There are three overarching technical goals that engineers use to design and maintain the power grid. The first one is power quality. Our electrical devices and equipment are designed assuming that the power coming from the grid has certain parameters, mainly that the voltage and frequency are correct and stable. Some devices count the oscillations in the AC grid power to keep track of time, so it’s critical that the grid frequency not deviate.

Changes in the voltage can lead to brownouts or surges that damage connected equipment. One of the benefits of a large power grid is electrical inertia. All those huge spinning generators connected together provide momentum that smooths out the ripples and spikes that can occur from equipment faults or quickly changing electrical loads.

The next technical goal of the grid is reliability. If like most people, you take that constant availability of power for granted, that’s by design. Much of the grid’s complexity comes from how we manage faults and provide redundancy so that you are rarely faced with blackout conditions. It’s another inherent benefit of a grid that electricity can be rerouted when a piece of equipment is out-of-service, whether it was planned or otherwise.

The final goal of the power grid is simply that the supply meets the demand. Power production and consumption happen on a real-time basis. If it’s plugged in, the light from the screen you are reading right now was a drop of water in a turbine or a breeze across a windmill microseconds ago. By the way, did you call your utility and let them know that you were going to turn on your computer or phone. I am willing to bet you didn’t, which means not only did they have to adjust their production up to match the extra load, but they had to do it immediately without any warning whatsoever.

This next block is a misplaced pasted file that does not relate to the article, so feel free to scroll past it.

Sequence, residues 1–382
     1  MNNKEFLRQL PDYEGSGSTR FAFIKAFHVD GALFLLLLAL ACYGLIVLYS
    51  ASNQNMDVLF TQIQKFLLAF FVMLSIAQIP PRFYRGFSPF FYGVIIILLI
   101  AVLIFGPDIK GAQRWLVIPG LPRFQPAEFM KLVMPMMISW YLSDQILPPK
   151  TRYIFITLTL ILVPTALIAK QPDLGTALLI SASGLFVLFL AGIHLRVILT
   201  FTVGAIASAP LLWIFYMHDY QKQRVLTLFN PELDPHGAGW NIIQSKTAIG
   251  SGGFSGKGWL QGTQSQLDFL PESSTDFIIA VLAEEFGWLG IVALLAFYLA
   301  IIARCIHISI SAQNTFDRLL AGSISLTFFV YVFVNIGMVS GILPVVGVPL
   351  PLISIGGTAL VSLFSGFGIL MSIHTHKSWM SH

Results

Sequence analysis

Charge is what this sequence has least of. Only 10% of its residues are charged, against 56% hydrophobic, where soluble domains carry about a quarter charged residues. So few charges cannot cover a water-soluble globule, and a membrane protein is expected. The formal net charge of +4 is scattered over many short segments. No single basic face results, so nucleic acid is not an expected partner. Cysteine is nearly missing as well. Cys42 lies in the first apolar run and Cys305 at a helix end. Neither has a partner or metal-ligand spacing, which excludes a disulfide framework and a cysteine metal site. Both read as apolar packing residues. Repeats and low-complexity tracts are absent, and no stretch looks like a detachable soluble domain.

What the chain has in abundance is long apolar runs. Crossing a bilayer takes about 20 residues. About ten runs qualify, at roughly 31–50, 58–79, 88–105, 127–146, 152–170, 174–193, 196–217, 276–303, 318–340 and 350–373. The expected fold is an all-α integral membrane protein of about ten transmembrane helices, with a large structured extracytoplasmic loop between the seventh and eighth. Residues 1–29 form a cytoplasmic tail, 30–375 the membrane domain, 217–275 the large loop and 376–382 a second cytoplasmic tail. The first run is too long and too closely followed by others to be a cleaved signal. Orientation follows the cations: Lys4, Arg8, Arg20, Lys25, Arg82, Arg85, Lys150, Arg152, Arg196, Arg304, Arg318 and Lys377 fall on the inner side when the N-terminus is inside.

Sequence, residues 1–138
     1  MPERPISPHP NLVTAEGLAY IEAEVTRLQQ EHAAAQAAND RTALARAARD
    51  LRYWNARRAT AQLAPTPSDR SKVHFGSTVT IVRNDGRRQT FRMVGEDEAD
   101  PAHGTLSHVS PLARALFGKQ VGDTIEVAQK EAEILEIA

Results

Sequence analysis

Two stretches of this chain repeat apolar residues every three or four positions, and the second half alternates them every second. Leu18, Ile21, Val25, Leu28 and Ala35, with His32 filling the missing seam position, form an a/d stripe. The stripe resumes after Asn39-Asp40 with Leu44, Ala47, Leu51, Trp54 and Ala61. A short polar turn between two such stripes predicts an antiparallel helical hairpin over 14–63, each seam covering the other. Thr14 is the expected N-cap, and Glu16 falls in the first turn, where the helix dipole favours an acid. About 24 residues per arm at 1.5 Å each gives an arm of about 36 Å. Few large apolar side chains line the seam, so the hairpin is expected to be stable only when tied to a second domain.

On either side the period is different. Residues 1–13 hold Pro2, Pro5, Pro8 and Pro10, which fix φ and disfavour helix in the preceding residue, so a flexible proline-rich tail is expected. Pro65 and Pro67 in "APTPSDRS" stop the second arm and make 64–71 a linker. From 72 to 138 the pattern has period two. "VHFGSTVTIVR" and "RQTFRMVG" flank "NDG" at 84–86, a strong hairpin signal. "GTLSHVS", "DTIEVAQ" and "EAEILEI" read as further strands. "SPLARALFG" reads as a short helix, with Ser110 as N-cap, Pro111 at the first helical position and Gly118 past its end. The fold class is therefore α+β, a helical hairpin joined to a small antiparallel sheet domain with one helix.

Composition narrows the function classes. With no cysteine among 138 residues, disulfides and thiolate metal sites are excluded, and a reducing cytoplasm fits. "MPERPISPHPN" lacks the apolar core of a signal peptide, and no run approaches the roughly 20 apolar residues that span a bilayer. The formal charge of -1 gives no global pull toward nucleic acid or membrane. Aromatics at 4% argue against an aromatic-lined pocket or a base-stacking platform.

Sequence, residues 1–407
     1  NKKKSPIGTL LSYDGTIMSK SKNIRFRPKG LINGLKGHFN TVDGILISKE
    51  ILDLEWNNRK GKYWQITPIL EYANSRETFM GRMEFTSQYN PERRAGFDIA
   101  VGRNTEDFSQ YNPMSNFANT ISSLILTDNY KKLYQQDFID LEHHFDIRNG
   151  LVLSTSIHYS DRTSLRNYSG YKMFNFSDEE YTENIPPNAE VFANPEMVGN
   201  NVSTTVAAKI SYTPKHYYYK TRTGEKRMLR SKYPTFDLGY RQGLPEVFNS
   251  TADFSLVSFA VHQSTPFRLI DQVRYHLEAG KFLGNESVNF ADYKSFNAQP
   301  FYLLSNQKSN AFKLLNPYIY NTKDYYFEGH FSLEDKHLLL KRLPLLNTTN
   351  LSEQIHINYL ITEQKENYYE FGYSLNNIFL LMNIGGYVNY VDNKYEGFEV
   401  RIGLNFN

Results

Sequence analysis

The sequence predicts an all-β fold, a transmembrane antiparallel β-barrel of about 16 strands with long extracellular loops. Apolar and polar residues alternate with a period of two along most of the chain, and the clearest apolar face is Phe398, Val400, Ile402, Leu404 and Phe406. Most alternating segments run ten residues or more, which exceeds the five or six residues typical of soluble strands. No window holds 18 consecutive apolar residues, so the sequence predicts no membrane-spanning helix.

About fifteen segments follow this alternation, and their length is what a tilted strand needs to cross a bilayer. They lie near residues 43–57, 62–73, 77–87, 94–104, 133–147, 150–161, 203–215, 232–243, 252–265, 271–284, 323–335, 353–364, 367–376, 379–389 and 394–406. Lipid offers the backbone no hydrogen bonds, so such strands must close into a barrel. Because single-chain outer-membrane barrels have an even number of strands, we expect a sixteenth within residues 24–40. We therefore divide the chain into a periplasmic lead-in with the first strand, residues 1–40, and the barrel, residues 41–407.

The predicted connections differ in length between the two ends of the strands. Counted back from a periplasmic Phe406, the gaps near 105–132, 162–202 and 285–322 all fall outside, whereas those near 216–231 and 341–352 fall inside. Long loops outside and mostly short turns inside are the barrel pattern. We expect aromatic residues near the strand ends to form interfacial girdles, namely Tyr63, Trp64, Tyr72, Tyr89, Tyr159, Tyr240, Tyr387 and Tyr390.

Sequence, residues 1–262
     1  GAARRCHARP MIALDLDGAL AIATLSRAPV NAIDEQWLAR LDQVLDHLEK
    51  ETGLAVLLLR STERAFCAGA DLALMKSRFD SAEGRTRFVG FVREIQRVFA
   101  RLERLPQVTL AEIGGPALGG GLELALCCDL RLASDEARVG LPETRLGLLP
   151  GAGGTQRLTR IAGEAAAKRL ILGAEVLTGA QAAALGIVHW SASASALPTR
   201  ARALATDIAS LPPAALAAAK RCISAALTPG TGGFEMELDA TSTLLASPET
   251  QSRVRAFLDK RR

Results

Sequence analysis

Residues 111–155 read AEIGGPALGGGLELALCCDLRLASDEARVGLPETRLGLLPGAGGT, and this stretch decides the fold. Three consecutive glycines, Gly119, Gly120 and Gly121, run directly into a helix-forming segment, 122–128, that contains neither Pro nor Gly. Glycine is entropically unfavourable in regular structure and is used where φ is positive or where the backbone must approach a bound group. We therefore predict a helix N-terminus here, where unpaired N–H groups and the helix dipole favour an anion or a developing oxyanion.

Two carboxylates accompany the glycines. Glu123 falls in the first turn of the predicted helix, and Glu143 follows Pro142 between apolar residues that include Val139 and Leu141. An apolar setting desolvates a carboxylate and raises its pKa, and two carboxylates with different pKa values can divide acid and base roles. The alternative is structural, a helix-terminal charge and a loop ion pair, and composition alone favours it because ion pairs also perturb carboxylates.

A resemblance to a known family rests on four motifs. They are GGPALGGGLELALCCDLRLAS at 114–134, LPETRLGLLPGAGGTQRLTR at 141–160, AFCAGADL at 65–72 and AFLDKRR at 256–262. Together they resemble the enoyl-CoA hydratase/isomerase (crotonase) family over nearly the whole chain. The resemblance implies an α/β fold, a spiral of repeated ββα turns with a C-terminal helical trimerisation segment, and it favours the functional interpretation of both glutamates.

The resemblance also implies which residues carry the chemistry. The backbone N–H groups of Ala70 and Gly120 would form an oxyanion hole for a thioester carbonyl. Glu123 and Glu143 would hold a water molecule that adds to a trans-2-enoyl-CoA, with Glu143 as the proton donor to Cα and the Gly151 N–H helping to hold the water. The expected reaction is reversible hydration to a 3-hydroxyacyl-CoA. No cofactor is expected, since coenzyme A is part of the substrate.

Luckily having millions of people connected to the same grid smooths out the demands created by individuals, but load following is still a major challenge. For the most part, electrical demand follows a fairly consistent pattern, but factors like extreme weather can make it difficult to forecast. Grid operators balance the demand by dispatching generation capacity in real time. The cheapest sources of power are used to fulfil the base load that’s more consistent, and higher cost sources are used for peaking when demand exceeds the base.

But it’s not as simple as flipping on a switch. Large power plants can take hours, days or even weeks to startup and shut down. Equipment needs to be taken out of service for maintenance. Fuel costs fluctuate. Renewable sources like wind and solar can have massive and unpredictable variations in capacity, providing irregular sloshes of power to the grid. You can see why balancing electricity supply and demand is this fantastically complex job of taking into account all these considerations, some of which are predictable and some of which aren’t.

That’s part of the reason we are trying to make the grid smarter by using the software, sensors and devices capable of communicating with each other. On the supply side, this can allow computers and software to do what they do best: take in tremendous amounts of data to help us make decisions about how to manage the grid. But a smart grid can also help on the demand side as well.

Unlike most of the goods we buy, consumers don’t have a keen understanding of power, how much we are using or how much it should cost depending on the time of day or year. A smart grid can take away some of the obfuscation, allowing us to make better decisions about how we use electricity in our day-to-day lives. 

Ultimately, a smart grid can help us use and take care of this huge machine – this shared resource we call the power grid – more efficiently and effectively now and into the future.